In my coaching and speeches, I refer to “a mark” as a shorthand way of saying “the person you want to influence.” A mark is the person you want to hear “yes” from. Everyone has marks. Your husband could be your mark while you convince him to take a vacation at a ski resort. Your co-worker could be a mark while you motivate them during a project.

Your mark is the one who can say “yes” and make your dreams come true, or they could say “no” and all efforts could feel lost. For your goals, who do you need to hear “yes” from? A big-name client? An investor? Your co-founder?

Get clear about your mark. How can you make your idea most appealing to him or her?

Related: Try This Exercise in Giving to Grow and Strengthen Your Network

3. The sidekick

We all need sidekicks. Batman is better with Robin (or Alfred, depending on how you look at it). Neo needed Trinity. Doctor Who isn’t himself without a companion. (Am I getting too nerdy for you?)

The point is, we all need someone on the sidelines to cheer us on. But if you haven’t identified who will be your supporter for when you hit the bumps in the road, then you won’t know who to turn to when they happen. Identify your sidekicks, reach out to them today and give them appreciation now for being and staying in your corner.

Also, don’t forget to consider sidekick groups. Group settings can be just as empowering. If you’re wanting to lose weight, then become a regular in gym class. If you need to clear out some mental baggage, support groups can be a safe haven for exactly that. If you want to express your artistry, sign up for a weekly painting class.

So who will you bring on your team? Who will keep you accountable?

4. The connector

This is, by far, the most overlooked “who” in the goal-setting process.

You have a goal and you know you need to hear a “yes” from a mark, but you give up when you realize you don’t have direct access to that mark. How can you get a “yes” when you can’t even get a “hello”?

It’s not over yet.

If you run into this realization, then your next question is, “Who do I know who is connected to that person?” Our world is flatter than ever. Our marks are often just a LinkedIn connection away. The connector is the person who can introduce you to your mark. He or she makes the connection so you can make magic happen.

Remember the persuasive process — observe, connect, influence. In this instance, you will go through the process twice — once for the connector and once more for mark.

As you create your goals, remember to include the people who will help you on your climb up. Goal setting isn’t a one-person show. Success is always achieved in numbers.

9 Steps That Will Help Your Chances of Starting a Successful Business

If you are unemployed, underemployed or unhappily employed, the idea of taking control and becoming your own boss might be sounding pretty sexy right about now. Plus, the past decade has shown us that jobs aren’t quite as dependable as perhaps we previously thought.

However, the success rates for new business are quite scary too, with the majority of all new businesses failing in just a few years’ time. While there is never going to be a “sure thing,” if you are thinking of leaving your job to hang out your own shingle, there are significant benefits to preparing before you take the leap.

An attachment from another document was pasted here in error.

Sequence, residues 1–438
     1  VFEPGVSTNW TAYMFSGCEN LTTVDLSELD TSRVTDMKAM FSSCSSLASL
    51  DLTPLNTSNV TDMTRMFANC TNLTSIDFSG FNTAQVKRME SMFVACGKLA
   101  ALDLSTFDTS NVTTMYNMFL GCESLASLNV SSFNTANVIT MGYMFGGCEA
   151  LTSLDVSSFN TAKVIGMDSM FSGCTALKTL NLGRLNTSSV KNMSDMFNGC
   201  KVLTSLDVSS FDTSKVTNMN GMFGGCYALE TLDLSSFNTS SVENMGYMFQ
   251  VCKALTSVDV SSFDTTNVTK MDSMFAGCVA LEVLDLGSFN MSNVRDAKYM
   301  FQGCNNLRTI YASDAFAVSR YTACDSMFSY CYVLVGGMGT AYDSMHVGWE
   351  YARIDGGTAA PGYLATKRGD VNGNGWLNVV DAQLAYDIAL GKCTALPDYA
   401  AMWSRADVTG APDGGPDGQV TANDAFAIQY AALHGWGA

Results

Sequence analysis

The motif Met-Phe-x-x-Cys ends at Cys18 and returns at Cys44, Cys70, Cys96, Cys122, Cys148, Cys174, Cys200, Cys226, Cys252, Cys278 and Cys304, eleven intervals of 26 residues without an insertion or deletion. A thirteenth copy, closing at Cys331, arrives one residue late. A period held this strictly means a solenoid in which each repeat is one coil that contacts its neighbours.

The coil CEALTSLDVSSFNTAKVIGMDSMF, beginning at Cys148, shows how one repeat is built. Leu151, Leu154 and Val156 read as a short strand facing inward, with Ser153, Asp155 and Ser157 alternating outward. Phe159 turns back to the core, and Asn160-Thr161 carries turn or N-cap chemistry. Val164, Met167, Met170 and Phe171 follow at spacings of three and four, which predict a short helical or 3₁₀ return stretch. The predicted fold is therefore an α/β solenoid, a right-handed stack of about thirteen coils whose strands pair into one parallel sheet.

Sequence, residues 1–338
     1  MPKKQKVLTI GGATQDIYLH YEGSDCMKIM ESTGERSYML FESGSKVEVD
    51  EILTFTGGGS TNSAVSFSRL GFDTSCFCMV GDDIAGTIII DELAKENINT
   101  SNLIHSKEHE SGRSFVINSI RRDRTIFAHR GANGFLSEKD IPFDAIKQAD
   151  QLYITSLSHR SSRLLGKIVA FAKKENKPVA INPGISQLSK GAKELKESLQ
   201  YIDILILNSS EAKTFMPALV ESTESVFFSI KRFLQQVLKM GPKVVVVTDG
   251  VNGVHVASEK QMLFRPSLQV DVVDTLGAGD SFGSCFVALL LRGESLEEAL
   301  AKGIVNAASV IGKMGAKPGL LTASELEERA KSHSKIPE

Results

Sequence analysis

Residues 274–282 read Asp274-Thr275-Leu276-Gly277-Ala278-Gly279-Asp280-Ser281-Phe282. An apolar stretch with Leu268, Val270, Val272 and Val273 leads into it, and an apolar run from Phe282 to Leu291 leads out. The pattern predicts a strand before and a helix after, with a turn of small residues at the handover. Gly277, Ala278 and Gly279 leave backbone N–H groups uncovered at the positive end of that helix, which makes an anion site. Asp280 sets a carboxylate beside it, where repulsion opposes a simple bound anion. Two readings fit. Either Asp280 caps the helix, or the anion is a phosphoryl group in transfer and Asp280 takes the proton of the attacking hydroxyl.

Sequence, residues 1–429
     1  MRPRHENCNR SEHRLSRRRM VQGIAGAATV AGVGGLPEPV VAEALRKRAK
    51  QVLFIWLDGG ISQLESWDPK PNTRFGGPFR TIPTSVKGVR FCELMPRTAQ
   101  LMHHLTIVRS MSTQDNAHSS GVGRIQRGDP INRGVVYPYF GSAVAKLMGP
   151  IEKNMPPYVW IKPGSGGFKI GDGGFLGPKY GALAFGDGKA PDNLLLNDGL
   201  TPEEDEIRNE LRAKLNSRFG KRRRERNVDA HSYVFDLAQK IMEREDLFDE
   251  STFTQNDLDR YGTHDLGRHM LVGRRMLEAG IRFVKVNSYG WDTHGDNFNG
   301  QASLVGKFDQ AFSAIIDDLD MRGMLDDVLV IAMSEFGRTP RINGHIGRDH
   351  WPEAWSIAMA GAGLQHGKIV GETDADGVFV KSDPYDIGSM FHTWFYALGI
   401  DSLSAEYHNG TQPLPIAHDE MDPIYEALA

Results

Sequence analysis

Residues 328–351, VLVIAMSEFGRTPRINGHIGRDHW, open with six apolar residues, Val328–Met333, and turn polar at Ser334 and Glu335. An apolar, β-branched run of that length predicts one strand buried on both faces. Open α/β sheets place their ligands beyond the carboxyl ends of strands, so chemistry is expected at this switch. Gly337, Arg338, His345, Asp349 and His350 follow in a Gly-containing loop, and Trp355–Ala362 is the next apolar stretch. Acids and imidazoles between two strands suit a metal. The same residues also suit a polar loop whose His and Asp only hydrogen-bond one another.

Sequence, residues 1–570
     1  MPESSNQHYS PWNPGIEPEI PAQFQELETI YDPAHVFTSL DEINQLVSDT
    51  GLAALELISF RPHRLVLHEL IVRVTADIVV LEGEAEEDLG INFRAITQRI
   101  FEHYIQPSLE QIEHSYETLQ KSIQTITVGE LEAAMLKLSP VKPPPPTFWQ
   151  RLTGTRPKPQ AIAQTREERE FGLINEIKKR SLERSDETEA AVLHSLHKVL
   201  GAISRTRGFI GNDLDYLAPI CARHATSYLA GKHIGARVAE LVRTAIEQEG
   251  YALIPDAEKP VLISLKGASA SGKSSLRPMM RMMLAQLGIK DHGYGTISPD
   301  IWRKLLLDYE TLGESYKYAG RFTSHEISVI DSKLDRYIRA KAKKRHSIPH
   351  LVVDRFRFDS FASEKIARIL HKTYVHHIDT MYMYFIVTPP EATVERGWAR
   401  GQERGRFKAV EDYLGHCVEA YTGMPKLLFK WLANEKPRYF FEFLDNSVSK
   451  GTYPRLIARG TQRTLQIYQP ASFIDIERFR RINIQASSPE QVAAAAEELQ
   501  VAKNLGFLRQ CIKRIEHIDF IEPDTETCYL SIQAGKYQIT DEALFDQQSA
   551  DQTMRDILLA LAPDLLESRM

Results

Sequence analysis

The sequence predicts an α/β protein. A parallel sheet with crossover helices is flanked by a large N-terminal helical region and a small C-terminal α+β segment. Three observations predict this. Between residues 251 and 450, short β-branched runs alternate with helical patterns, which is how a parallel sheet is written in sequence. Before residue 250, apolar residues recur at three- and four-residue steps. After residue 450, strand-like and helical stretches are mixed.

Here are nine ways to make sure that you are prepared before you start your own business, so that you can give yourself the best chances to succeed. These are adapted from my bestselling book, The Entrepreneur Equation.

1. Define and evaluate your goals.

You can’t figure out a path to get somewhere if you don’t know where it is you want to get to. Plus, once you have that goal, you need to know if your path is the most direct route to achieving what you want.

Related: The Pros and Cons of Starting a Business While Working a Full-Time Job

Ask yourself tough questions about why you really want to start a business. Are you looking to get rich quick? Do you want to showcase your talent, new product idea or service? Are you tired of your boss taking credit for what you do?

These kinds of goals might lead you down the wrong path. On the other hand, if you love the idea of running an entity, if you like creating systems and procedures, adore servicing customers and if you thrive on wearing many different hats and balancing responsibilities, then entrepreneurship could be the perfect path for you.

2. Stash some cash.

The cost of starting a business in many industries has come down substantially. However, that is only part of the story. Businesses often take a few years to gain a solid foundation, so you need to have enough money to start the business, operate it while it stabilizes and also be able to live.

If you don’t have the money yourself, identify whether you have credible access to capital. The downturn has made it more difficult to secure financing and you don’t want to be three months into a business and have to decide whether to keep the business open or pay your rent or mortgage — that’s a losing proposition.

3. Get relevant experience.

Being able to manage employees and vendors is the type of skill you’ll need to acquire before starting your own business. You’ll also need to know your industry inside and out, including aspects that you may not be familiar with or even like, including marketing, accounting and more.

Don’t have the experience? Spend time working in a similar company, shadow a business owner in your industry or take a job on nights and weekends in a comparable business. Test the waters first with a trial run before you start your own company.